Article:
DARCI VICK: Yeah. Sure. So I think to kind of touch on what you just said a little bit, I think there’s a lot more alignment in what sales really is and what everybody is here doing, trying to help people. When I look at that, I think that selling is just your avenue to be able to help somebody find a solution. But I think when we go back and we think about– close your eyes for a second–[HARP MUSIC]
–and imagine a salesperson. Riley, what comes to mind?
RILEY BASS: The movie Matilda, her dad on that movie.
DARCI VICK: OK.
RILEY BASS: Danny DeVito I think it was where he’s got the slicky hair, and the plaid suit, and the cigar, and he’s running the speedometer or the odometer backwards in the cars.
DARCI VICK: I remember that. And I’m sure a lot of people listening are probably imagining something very similar, that car salesmen look. Chris, anything that you would add in there? When you think of sales and a salesperson, what are some of those words that automatically come to mind.
CHRIS COX: Yeah. I just think of that person that’s trying to get money for something maybe something that’s not that great. And a car salesman is a typical prototype for salesman. But there’s a whole bunch of them out there that I think we all put together in our mind as just that person that maybe the slickster that has a good smile and you just don’t trust them for some reason. But they’re going to try to sell you whatever it is whether it’s insurance, or a car, or anything.
So yeah. We have this, all of us. We have this negative view. It’s a stigma of what a salesperson looks like.
DARCI VICK: Right. And you guys aren’t alone. And I’m sure anybody listening is probably imagining something very similar. I am a salesperson. And I’m proud of that.
CHRIS COX: I didn’t know that. I never would have hired her on to come do this thing. I think we need to get out of here.
DARCI VICK: And I don’t have my plaid suit on today and my slicked back hair.
RILEY BASS: But you do you have a cigar.
DARCI VICK: I do have a cigar. You’re right. But what I think when you visualize– think about physicians. Physicians are selling solutions and remedies to their patients, right? When you think about teachers, teachers are selling the idea of why it’s important to their kids to listen in class and to learn. When you think about parents, parents are always selling their kids on the benefits of vegetables, all these ideas.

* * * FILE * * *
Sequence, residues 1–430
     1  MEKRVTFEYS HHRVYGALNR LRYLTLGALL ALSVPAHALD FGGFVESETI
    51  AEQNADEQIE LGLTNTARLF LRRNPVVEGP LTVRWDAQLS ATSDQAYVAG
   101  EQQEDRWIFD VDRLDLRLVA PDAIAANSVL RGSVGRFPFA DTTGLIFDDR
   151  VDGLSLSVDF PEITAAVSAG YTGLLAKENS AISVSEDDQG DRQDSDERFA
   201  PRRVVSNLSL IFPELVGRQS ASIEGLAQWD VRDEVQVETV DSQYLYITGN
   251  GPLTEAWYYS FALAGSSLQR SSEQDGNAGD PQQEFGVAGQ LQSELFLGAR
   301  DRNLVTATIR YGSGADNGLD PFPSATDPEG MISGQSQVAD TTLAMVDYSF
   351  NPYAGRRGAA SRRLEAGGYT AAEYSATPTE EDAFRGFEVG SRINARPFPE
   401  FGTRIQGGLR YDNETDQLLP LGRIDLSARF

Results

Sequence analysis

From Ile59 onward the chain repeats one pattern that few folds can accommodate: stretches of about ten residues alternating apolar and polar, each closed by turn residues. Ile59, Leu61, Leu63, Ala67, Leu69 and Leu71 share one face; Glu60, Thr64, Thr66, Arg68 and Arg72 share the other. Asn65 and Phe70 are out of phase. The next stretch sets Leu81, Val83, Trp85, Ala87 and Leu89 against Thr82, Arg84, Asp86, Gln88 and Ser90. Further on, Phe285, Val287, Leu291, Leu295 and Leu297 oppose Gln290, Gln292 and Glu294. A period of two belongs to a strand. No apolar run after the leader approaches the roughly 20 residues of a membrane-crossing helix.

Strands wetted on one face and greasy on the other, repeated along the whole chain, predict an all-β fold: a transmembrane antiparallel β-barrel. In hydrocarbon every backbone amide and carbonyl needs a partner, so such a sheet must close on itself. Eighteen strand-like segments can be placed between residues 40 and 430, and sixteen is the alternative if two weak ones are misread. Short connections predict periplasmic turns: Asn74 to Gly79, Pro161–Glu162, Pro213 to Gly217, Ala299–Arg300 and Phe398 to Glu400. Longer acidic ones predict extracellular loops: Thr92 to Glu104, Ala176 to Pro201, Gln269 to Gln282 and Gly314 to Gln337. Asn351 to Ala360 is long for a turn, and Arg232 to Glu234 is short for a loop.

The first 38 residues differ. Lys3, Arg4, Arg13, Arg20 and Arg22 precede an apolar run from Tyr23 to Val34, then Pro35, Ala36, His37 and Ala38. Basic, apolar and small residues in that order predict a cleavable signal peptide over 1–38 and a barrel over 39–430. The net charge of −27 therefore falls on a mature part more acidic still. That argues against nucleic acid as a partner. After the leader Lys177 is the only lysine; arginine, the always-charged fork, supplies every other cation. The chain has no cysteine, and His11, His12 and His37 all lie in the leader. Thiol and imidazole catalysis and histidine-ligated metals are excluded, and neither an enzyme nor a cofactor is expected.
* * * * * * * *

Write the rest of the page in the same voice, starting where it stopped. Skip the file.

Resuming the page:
CHRIS COX: Yuck.
DARCI VICK: Right? It can help your mom with that.
RILEY BASS: That’s great parenting skill.
CHRIS COX: Oh, you don’t want to eat these? OK. That’s fine. I don’t either.
RILEY BASS: Me neither. Let’s throw them away and get ice cream.
DARCI VICK: Right. Right. But entrepreneurs, they’re trying to sell investors on why they should invest their money into this great product or service that they have, this idea that they have. And there’s so many– in any role that you have, I would say 90% of the positions out there, 90% of the people out there are salespeople. But we don’t close our eyes, and we don’t think of physicians, or parents, or teachers as salespeople.
CHRIS COX: No way. Research people are salespeople too?
RILEY BASS: No.
CHRIS COX: No way.
RILEY BASS: No way.
DARCI VICK: Yeah. Think about it. Think about it. And think about– anybody listening here, have you ever interviewed for a job?
CHRIS COX: Yes.
RILEY BASS: Weird. We just talked about that last week.
DARCI VICK: I listened. I listened to that podcast. It was great. But when you think about that, you’re selling yourself. You are. You’re selling your ideas. You’re selling your education. You’re selling your skillset to a potential employer about why they should hire you and what the benefits that you can bring to this position are. So I think when we think about what sales is and what it isn’t, I think it’s pretty drastic, right? And any of those examples, we don’t visualize that slicked back car salesman.
And I got into sales because of all the things that you just mentioned, Chris, wanting to connect with people, wanting to help people, wanting to provide solutions, because we just want to help. That’s what sales is to me and where I see that. And that’s my narrative. I want to switch what people think about sales and how they define it.